Jean-Pierre Bemba, a former warlord and vice president of the DR Congo, has been excluded from December's presidential election. Bemba has been tipped as one of the potential replacements for President Joseph Kabila.
The top court in the Democratic Republic of the Congo (DRC) on Monday excluded former vice president and opposition leader Jean-Pierre Bemba from standing for election because of a witness tampering conviction at the International Criminal Court (ICC).
In a judgement broadcast on national television, the court ruled that the election commission had rightly invalidated Bemba's candidacy last month, saying that witness tampering is a form of corruption as stipulated in electoral law.
Bemba, 55, returned to DRC after being acquitted of war crime charges by the ICC, a conviction for which he spent nearly a decade behind bars. The ICC had sentenced him to 18 years in prison in 2008 for murders and rapes committed by his militia in neighboring Central African Republic in the early 2000s.
But Bemba, the leader of the Movement for the Liberation of Congo (MLC), awaits an ICC sentencing hearing in two weeks for bribing witnesses during his war crimes trial, a crime he was convicted of in 2016. He was originally handed a one-year prison sentence and slapped with a €300,000 ($350,000) fine.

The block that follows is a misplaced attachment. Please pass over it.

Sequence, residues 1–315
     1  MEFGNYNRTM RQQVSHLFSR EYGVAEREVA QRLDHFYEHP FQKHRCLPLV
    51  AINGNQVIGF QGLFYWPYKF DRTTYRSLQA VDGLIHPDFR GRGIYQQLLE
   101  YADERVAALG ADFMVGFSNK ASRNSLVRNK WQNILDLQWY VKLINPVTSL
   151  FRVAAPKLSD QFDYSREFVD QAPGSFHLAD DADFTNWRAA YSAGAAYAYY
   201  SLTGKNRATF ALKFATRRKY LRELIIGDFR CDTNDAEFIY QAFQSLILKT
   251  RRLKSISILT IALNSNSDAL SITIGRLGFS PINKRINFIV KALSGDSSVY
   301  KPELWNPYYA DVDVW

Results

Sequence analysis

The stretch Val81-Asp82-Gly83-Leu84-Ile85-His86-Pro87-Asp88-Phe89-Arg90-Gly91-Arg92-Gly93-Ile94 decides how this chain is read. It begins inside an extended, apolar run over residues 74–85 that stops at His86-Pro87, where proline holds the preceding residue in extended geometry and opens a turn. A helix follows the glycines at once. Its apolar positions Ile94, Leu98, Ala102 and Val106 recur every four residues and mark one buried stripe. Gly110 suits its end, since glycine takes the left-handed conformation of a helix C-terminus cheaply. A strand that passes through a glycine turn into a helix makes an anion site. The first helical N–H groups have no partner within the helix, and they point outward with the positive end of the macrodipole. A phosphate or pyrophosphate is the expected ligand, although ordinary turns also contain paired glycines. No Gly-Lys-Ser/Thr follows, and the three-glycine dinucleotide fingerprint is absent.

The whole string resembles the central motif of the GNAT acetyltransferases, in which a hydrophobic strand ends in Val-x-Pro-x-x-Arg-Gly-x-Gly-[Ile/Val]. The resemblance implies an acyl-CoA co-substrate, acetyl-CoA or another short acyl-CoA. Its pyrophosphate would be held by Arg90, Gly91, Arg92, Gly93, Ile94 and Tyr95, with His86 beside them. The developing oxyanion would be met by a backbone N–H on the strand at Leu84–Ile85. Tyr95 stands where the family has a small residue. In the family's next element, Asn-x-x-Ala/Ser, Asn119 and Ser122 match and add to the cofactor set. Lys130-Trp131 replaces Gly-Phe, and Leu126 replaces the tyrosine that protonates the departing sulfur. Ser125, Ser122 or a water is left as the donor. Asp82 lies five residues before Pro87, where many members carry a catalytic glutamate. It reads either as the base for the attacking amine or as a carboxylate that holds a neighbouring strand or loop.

The MLC politician, who was one of four vice presidents under DRC's peace agreement in 2003, was tipped as one of the main candidates to replace outgoing President Joseph Kabila. Bemba lost to Kabila in the 2006 presidential election, which sparked deadly clashes in the nation's capital of Kinshasa.
In an opinion poll conducted by the Congo Research Group of New York University, Bemba placed third behind Felix Tshisekedi of the Union for Democracy and Social Progress and Moise Katumbi, the governor of the Katanga Province.
Ex-prime minister also barred
In addition to Bemba, the DRC's top court also excluded Kabila's former prime minister, Adolphe Muzito, from running in the election.
The court ruled that Muzito, who served as prime minister from 2008-2012, was ineligible on technical ground related to a dispute with his longtime Unified Lumumbist Party.
The December 23 election is set to become the DRC's first constitutional transition of power. Kabila, 47, has been in power since his father was assassinated in 2001. He was supposed to step down after his second elected term ended in 2016, but he has continually delayed elections, taking advantage of a loophole in DRC's constitution that has enabled him to stay in power until a successor is elected.
The DRC president announced last month that he would not seek a third term, respecting the nation's constitutional term limits. He has thrown his support behind Emmanuel Ramazani Shadary's candidacy. But Kabila's opponents have accused him of trying to rig the vote to ensure Ramazani, a member of Kabila's People's Party for Reconstruction and Democracy, succeeds him as president.
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